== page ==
A major housing association has been convicted by a court of failing to support a tenant who was left homeless after a racist campaign by neighbors.
London & Quadrant (L&Q), which has a capacity of 250,000 in London and the South East, ignored a code of practice on protecting tenants from racial harassment and was guilty of defensive and insensitive attitude, according to a county court ruling issued last week.
Lara Tate (not her real name), a young black woman living alone, was forced to flee her London apartment in 2015 after nine months of racist abuse by a neighboring family that culminated in death threats. The couple were convicted of public order offenses and racially aggravated harassment, but L&Q did not evict them or relocate Tate, who felt too unsafe to return to the property, a converted home where she and the neighbors were the sole occupants.
Tate, who has continued to pay rent for the apartment, has since been threatened with possession proceedings by L&Q for failing to occupy it. He has spent the past five years staying with friends and family and sued L&Q for negligence after discovering that the same neighbors had removed a previous black tenant from the apartment.
She has been awarded £ 31,000 in damages after a judge found she had been misled by assurances that there was no record of antisocial behavior on the property.
“L&Q has ignored the criminal convictions and the police reports and the fact that I was evicted from my home,” Tate said. “They insist that I stay in this abusive environment and bid on one of their other properties for up to two years.” The harassment began the day after she moved into their apartment in 2014. “The couple and their three children shouted: ‘Who let the monkeys out!’ They closed the communal door with all the force they could, openly doing racism and derogatory. comments and knocking on my door and accusing me of things, ”he said.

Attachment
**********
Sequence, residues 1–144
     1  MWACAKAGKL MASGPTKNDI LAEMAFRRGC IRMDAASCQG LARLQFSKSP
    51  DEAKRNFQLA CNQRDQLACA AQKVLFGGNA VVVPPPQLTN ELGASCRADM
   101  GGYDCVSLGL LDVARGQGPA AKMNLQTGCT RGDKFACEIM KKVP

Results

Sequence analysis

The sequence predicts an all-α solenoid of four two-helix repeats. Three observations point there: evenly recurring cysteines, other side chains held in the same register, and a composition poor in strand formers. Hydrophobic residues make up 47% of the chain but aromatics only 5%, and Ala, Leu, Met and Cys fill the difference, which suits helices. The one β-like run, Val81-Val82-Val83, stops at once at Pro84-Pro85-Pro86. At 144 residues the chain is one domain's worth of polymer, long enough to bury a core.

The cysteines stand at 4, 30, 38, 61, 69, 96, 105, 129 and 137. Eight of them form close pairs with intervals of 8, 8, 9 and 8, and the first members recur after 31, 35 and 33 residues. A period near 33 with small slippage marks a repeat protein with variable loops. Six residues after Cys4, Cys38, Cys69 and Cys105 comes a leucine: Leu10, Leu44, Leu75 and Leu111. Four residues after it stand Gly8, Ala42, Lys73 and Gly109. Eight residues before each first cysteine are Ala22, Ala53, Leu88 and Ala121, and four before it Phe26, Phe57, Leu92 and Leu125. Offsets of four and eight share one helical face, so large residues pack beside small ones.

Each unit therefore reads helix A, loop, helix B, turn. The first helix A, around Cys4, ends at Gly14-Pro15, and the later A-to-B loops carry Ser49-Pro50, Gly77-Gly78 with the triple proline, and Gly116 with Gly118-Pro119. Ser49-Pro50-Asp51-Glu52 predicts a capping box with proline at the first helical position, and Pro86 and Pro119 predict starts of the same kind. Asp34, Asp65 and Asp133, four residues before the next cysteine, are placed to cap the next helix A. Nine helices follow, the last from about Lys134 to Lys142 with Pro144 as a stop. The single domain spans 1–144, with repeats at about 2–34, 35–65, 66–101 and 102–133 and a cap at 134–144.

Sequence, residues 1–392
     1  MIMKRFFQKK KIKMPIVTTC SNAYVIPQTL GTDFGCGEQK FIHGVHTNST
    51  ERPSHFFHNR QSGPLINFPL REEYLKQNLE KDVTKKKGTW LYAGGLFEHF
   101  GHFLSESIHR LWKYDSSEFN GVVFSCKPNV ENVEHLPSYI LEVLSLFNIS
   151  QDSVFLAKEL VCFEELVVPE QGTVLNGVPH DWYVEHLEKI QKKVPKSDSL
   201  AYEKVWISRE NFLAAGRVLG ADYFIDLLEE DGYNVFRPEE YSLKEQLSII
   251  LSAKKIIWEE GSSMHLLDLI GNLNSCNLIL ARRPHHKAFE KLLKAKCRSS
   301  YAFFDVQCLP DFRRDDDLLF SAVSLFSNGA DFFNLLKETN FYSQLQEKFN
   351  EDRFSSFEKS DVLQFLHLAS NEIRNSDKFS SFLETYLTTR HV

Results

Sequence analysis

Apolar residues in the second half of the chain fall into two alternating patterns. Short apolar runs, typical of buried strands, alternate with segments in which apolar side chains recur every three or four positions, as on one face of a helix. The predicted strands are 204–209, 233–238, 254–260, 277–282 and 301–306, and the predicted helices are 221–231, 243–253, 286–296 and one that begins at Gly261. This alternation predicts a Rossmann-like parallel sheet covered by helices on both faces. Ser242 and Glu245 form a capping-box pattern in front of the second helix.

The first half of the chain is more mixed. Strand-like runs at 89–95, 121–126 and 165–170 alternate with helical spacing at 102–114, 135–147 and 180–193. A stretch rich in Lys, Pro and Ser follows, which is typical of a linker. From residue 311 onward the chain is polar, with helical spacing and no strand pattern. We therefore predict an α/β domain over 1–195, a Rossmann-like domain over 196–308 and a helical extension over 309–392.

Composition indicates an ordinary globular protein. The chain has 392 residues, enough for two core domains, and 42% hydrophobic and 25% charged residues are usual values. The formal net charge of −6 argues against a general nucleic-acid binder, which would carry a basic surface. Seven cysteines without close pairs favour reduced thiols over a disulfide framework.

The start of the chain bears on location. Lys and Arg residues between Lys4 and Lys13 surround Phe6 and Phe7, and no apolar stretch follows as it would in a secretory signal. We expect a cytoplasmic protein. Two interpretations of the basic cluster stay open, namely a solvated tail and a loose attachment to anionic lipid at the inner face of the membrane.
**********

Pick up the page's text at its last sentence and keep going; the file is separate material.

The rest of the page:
When she complained of disturbing noises, the couple banged on her door and yelled death threats in a 15-minute tirade taped by Tate.
The county court ruling found that by not relocating Tate, L&Q had “focused on the interests” of neighbors with three young children.
“I had to quit my job when a friend who allowed me to stay with her in London sold her house and I had to move in with my mother in Nottingham,” she said. “The stress has affected my mental health to the point that I cannot look for more work.”
the Observer She has been contacted by another young black L&Q tenant who has spent two years in a women’s shelter with her six-year-old son because L&Q was unable to relocate her, despite fears that her abusive ex-partner had located her. The woman, who fled domestic violence in 2014, is now being threatened with eviction for paying rent.
“L&Q offered to install a panic alarm, but I still wouldn’t feel safe,” she said. “They keep asking for proof that I’m at risk, but what proof am I supposed to have?”
L&Q told the Observer which has a zero tolerance policy against discrimination and domestic abuse, and relocates tenants in serious cases. “Our goal is always to ensure that our residents feel safe in their own home, and we will support them throughout the process to achieve this,” said a spokesperson. “If there is a safeguard issue or threat to life, we work with partners, including local authorities, support agencies, and police to assess any risks and take appropriate steps to ensure your safety, including enabling relocation. in severe cases “.
Last month, the government published a white paper, which aims to make social housing owners more responsible. The Charter for Social Housing Residents, prepared after the Grenfell Tower fire, recognizes that tenant concerns are too often ignored and sets the standards of service required of landlords, including the antisocial behavior policy.
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